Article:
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Aussie Spirit Shines Through At Muster

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This year’s Spirit Of The Bush Balladeers Muster offered guests five days of camping and non-stop music from more than 50 dinki-di Aussie performers, including Chris Strohfeld

May 2, 2018

The reopening of the $23 million Waltzing Matilda Centre may have been great news for the tiny western Queensland town of Winton but its impact was felt 1200km away in Boondooma.

The Waltzing Matilda Centre was destroyed by a fire in 2015.

Its reopening was marked with a $2 million, four-day Way Out West country music festival featuring 100 top US and Australian artists.

Unfortunately, Way Out West was held just a few days before the start of this year’s 18th annual Spirit Of The Bush Balladeers Muster at Boondooma Homestead so the number of caravanners was down as a result.

The Boondooma Muster featured a line-up of more than 50 Australian country music artists, walk-up acts and bush poets who performed over five days from April 25 to 29.

It also offered guests displays of vintage machinery and antique cars; camp oven cooking; an array of exotic food and goods stalls; and the camaraderie that comes from camping out in the western South Burnett at one of the region’s most iconic historic homesteads.

The Muster is organised by Buddy Thomson, the president of the Boondooma Music and Heritage Association, with the help of a committee and about 50 volunteers who come from “all over” to help.

It usually attracts 400 to 500 caravanners every time it runs, and is one of the Homestead’s major annual fund-raisers.

This year, caravan numbers were down to 300,  which Muster organisers have attributed to the Waltzing Matilda Centre’s reopening.

Even so – and including day visitors – the Homestead played host to about 800 guests over the five days who enjoyed the usual good humour and warmth of the event, along with pleasant April weather.

They also got to participate in Boondooma Homestead’s Anzac Day commemorations on April 25, and a bush church service on the muster’s final day, Sunday, April 29.

Buddy was unperturbed about this year’s visitor numbers.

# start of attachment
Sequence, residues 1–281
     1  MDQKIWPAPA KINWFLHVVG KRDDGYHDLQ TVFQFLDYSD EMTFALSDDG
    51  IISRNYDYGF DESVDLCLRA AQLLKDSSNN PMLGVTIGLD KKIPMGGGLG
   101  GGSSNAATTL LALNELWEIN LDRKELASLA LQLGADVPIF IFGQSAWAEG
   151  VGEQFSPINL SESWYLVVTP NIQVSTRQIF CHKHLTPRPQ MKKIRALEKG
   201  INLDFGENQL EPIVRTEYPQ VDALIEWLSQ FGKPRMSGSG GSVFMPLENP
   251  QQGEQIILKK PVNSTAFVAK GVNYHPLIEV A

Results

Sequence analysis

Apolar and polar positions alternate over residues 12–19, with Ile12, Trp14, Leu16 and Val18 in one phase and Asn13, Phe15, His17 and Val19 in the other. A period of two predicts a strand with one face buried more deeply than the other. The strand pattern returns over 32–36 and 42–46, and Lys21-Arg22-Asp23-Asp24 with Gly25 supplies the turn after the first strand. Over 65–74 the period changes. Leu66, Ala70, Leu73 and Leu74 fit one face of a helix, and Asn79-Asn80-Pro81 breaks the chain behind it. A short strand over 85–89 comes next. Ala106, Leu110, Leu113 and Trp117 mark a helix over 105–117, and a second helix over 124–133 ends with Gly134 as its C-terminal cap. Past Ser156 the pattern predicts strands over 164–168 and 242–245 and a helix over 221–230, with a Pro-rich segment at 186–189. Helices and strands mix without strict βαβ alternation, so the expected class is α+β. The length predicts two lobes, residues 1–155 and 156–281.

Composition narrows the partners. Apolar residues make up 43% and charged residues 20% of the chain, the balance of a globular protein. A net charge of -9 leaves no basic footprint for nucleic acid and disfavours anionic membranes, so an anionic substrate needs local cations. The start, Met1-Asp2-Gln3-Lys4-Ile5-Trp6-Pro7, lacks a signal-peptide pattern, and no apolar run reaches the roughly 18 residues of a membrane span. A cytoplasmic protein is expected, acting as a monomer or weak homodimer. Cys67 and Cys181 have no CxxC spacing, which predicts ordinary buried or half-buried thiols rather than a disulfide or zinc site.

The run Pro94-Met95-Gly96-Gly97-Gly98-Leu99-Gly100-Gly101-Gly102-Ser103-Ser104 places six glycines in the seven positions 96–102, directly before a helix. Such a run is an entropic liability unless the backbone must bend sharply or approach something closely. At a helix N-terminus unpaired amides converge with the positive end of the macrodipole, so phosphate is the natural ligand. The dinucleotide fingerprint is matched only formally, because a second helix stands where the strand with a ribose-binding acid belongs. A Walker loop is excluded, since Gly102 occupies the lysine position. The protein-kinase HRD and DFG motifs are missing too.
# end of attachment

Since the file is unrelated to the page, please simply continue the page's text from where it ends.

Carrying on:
What was more important, he said, was that loyal regulars had a great time and everything ran smoothly, including an improved sound system that got its first try out this year.

The Homestead’s next major event will be its annual Scots In The Bush celtic festival, which will run on August 16-19.

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Guests could also buy albums from their favourite artists and get them autographed; South Burnett country music star Dean Perrett had a big range on sale

Many performers are regulars at the Spirit Of The Bush Music Muster … Alec Beckett has been performing at the festival for the past 15 years

Would you like a fine South Burnett wine to go with that camp oven dinner, sir? Geoff Kinsella from Moffatdale Ridge was one of more than a dozen stalls offering guests everything from fresh-brewed coffee to solar power systems for caravans

Buddy Thomson also offered visitors free guided tours of Boondooma Homestead … here he is explaining the Anzac Memorial Wall that Homestead volunteers have been building over the past two years

Volunteers Jeffrey Ashton and Marilyn Luscombe were part of a large team helping out in the camp kitchen to ensure everyone was fed

Barbara Arthur and Julie Lang, from Tewantin, were first-time visitors to the Muster and said they were having a fantastic time; they talked with Sandy O’Hara, from Landsborough, who is a regular Muster visitor

Ralph Richardson and John Hamilton from the Wide Bay Historic Machinery Club show off a 100-year-old Rider-Ericsson engine, one of several working vintage engines the club had brought to the Muster so visitors could see them in action


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